For those of us who dwell in the city, it’s easy to say, ‘bring on the wind power.’
When you’ve got 150-foot towers bringing 4,000 megawatts of electricity by your house, some reluctance is bound to bubble to the surface. You have to feel for those property owners who find themselves in the path of the Grain Belt Express transmission line.
These aren’t NIMBYs or people who automatically oppose green energy. Most of them live close to nature and have an appreciation of the land’s productive value and its inherent beauty.
But it’s their land and they should be able to decide how it’s used. If it’s needed for a public benefit like a highway or utility right of way, then they are entitled to compensation.
You could point to several benefits of Grain Belt, the 780-mile transmission project bringing wind power from Kansas to populations further east.
The customers on the receiving end get plenty of benefits. But who, exactly? Unlike something more tangible like gasoline, it’s hard to see where electricity is directed on the grid, but the fact that Grain Belt will end near Indiana suggests that many of its beneficiaries are there and not here.
Invenergy, the for-profit company building Grain Belt, could benefit nicely when it starts to sell the power.
But 570 or so landowners in north Missouri might not see it that way. They fear reduced property value and diminished quality of rural life for a project that proposed using rural Missouri as an energy superhighway from west to east.
Many of these landowners fought Grain Belt for a decade or more in county commission meetings, in front of the Missouri Public Service Commission and most recently in the Missouri Legislature.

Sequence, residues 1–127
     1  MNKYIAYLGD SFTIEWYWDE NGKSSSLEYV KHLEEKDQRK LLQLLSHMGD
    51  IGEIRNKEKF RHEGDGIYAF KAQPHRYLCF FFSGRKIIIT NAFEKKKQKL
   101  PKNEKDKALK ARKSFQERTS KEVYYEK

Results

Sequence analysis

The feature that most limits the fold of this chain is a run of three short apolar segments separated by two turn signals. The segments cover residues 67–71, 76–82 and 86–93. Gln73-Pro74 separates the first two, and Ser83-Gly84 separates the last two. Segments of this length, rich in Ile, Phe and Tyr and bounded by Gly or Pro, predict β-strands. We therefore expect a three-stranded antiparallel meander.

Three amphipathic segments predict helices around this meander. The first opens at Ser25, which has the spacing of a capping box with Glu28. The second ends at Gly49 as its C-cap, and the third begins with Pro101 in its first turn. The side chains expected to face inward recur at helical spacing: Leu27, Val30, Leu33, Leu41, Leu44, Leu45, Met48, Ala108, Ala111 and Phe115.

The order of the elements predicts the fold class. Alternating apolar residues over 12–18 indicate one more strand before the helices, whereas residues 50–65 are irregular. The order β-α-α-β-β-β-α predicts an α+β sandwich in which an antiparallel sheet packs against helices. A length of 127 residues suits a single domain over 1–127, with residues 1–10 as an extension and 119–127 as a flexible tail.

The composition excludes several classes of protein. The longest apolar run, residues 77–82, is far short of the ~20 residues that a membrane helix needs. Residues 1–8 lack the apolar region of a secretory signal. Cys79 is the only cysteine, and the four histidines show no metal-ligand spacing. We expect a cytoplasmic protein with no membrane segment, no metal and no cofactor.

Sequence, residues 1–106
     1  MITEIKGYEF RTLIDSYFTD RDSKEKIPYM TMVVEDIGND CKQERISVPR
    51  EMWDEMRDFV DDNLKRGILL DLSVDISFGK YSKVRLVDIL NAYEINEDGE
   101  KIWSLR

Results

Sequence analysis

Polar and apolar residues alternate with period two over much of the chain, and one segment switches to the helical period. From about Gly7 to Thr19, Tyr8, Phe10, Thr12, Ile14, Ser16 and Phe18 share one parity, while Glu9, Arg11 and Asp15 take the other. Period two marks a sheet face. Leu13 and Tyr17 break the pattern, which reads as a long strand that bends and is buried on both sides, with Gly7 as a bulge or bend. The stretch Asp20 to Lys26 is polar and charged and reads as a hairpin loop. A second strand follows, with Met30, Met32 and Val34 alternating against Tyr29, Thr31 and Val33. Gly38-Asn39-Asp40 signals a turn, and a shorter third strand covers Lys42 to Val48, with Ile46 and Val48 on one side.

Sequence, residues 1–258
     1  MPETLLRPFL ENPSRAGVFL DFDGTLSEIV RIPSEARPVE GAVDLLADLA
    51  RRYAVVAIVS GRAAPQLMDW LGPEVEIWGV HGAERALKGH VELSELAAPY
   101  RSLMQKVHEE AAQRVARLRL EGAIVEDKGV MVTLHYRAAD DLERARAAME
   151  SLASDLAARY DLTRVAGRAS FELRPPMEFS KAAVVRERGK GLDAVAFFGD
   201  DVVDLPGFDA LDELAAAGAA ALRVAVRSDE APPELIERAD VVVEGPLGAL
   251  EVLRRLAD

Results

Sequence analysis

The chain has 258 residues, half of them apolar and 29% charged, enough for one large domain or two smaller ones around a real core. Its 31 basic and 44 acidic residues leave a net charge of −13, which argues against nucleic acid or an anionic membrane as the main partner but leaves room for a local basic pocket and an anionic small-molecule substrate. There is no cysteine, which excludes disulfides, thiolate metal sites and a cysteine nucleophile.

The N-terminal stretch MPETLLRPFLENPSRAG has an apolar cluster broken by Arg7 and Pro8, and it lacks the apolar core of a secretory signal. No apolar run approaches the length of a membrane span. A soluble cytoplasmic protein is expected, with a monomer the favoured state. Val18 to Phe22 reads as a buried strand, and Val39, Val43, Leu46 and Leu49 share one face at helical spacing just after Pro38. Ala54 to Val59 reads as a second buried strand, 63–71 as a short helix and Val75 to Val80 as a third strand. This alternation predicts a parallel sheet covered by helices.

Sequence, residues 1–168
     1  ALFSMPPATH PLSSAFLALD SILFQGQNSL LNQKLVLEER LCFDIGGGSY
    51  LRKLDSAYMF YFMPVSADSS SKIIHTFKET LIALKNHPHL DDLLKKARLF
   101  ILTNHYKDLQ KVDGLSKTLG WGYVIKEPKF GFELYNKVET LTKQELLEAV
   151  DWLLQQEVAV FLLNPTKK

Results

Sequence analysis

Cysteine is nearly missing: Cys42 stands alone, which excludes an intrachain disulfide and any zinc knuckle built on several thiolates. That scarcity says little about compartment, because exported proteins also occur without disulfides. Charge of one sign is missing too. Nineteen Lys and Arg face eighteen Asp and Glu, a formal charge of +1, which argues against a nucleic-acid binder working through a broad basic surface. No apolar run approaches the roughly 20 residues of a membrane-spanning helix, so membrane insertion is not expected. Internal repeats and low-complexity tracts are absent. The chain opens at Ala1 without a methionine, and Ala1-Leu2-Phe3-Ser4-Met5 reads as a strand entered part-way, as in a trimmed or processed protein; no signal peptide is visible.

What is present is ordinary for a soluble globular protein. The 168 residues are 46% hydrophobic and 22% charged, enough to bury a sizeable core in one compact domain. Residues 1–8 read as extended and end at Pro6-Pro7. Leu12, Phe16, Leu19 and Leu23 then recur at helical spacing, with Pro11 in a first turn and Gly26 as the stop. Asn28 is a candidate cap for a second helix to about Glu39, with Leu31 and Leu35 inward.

They’ve had some victories and some setbacks, most recently the legislature’s passage of eminent domain reform that’s aimed at future projects but does little to stop Grain Belt. That was always the core goal of these landowners, but it appeared to evaporate in this year’s session.
Perhaps that’s how it goes. These landowners did see some success in their quest, not the least of which was an increase in the amount of power that’s going to be made available for Missouri, thereby making this line a little less of a pass-through phenomenon.
But what must be the most difficult pill to swallow is the legislators’ statements that House Bill 2005, which reforms eminent domain law for future transmission projects, represents one of the success stories of the 2020 session.
Lawmakers should be willing to call it what it is. Perhaps not a sellout, but a difficult compromise that comes at the expense of those landowners who are most affected and led this fight.
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